‘Late on a hot summer night in 1965, Charlie Bucktin, a precocious and bookish boy of thirteen, is startled by an urgent knock on the window of his sleep-out. His visitor is Jasper Jones, an outcast in the regional mining town of Corrigan.
Rebellious, mixed-race and solitary, Jasper is a distant figure of danger and intrigue for Charlie. So when Jasper begs for his help, Charlie eagerly steals into the night by his side, terribly afraid but desperate to impress. Jasper takes him to his secret glade in the bush, and it’s here that Charlie bears witness to Jasper’s horrible discovery.
With his secret like a brick in his belly, Charlie is pushed and pulled by a town closing in on itself in fear and suspicion as he locks horns with his tempestuous mother; falls nervously in love and battles to keep a lid on his zealous best friend, Jeffrey Lu.
And in vainly attempting to restore the parts that have been shaken loose, Charlie learns to discern the truth from the myth, and why white lies creep like a curse.
In the simmering summer where everything changes, Charlie learns why the truth of things is so hard to know, and even harder to hold in his heart.’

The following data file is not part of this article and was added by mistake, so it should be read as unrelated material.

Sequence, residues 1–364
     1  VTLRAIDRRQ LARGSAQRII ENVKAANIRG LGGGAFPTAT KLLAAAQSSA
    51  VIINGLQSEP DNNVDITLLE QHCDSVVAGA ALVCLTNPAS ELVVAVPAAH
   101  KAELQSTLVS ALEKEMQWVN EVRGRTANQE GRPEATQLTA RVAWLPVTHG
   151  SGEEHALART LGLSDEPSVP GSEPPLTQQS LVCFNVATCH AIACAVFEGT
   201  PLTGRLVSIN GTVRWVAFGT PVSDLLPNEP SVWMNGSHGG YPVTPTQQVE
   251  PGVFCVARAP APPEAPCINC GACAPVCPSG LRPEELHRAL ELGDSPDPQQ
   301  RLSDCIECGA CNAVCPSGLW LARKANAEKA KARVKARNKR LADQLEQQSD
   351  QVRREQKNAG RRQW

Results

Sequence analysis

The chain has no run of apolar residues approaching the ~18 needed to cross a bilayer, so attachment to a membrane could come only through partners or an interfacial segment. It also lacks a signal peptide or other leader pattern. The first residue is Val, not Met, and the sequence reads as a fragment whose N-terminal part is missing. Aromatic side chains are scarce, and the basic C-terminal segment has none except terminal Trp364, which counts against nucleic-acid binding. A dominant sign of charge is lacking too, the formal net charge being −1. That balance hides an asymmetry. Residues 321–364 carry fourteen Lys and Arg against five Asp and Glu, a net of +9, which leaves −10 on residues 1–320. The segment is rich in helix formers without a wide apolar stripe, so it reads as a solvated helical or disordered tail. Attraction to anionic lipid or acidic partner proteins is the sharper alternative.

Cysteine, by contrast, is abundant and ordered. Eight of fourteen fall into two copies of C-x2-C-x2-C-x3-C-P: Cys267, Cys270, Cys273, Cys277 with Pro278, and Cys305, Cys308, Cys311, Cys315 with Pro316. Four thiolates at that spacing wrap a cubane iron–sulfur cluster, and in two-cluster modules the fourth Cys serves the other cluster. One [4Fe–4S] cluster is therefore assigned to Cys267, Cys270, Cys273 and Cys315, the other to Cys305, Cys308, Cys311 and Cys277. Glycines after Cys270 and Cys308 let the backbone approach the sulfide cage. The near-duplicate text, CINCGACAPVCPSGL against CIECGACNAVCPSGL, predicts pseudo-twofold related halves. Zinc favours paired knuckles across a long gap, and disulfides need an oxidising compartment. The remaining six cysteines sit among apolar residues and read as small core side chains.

Jasper Jones is the Australian equivalent to Harper Lee’s To Kill A Mockingbird. It is a truly great story that tackles a variety of issues facing Australians in the 1960s. You have racism against not just indigenous but the Vietnamese living in Australia. You have sexual abuse and incest. You have marital problems and cheating. You have stillbirth. You have suicide and depression. You have the Vietnam War. There is an array of issues that Silvey has wrapped up nicely into one moving novel.
The characters were amazing. Well thought out and complex. You didn’t love all the characters, instead you felt how you would feel in real life. You disliked Charlie’s mother. You hated Eliza’s father. You felt sorry for Jeffrey and his parents. You felt sorry for Jasper Jones. You wanted Charlie to have his resolution. You wanted Eliza to have closure.
I loved the relationships in this book. From the dysfunctional (Charlie and his mother) to the great friendships (Charlie and Jeffrey).
We did this book for Book Club at our local library and I was one of two who loved it. All the other ladies did not enjoy it at all. They suggested that it might be that I am in a different age bracket. This very well could be true. I loved this story. I loved everything about it. It has stayed with me and I have had trouble writing this review as I don’t know how to convey how good this book is.
My recommendation: If you love To Kill A Mockingbird, you will love Jasper Jones.